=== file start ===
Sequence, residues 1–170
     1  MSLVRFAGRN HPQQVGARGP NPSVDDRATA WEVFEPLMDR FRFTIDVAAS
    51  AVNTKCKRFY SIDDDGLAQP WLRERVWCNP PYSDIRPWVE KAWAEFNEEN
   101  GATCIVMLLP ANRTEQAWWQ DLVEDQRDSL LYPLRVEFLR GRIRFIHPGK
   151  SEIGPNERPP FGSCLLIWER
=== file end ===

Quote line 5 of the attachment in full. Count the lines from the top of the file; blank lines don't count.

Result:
   151  SEIGPNERPP FGSCLLIWER